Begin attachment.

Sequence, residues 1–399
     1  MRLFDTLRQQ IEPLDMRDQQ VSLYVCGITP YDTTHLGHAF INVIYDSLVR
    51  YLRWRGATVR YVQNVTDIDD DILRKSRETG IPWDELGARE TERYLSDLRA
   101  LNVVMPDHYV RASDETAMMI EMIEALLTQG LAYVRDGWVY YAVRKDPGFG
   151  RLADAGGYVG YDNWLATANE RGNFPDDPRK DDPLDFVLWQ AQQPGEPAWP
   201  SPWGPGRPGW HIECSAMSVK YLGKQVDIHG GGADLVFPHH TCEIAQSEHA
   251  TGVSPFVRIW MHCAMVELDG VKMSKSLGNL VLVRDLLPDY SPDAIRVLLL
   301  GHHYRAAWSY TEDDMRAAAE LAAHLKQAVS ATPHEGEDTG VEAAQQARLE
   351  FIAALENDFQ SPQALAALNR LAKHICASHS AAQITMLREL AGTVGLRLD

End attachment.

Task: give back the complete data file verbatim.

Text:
Sequence, residues 1–399
     1  MRLFDTLRQQ IEPLDMRDQQ VSLYVCGITP YDTTHLGHAF INVIYDSLVR
    51  YLRWRGATVR YVQNVTDIDD DILRKSRETG IPWDELGARE TERYLSDLRA
   101  LNVVMPDHYV RASDETAMMI EMIEALLTQG LAYVRDGWVY YAVRKDPGFG
   151  RLADAGGYVG YDNWLATANE RGNFPDDPRK DDPLDFVLWQ AQQPGEPAWP
   201  SPWGPGRPGW HIECSAMSVK YLGKQVDIHG GGADLVFPHH TCEIAQSEHA
   251  TGVSPFVRIW MHCAMVELDG VKMSKSLGNL VLVRDLLPDY SPDAIRVLLL
   301  GHHYRAAWSY TEDDMRAAAE LAAHLKQAVS ATPHEGEDTG VEAAQQARLE
   351  FIAALENDFQ SPQALAALNR LAKHICASHS AAQITMLREL AGTVGLRLD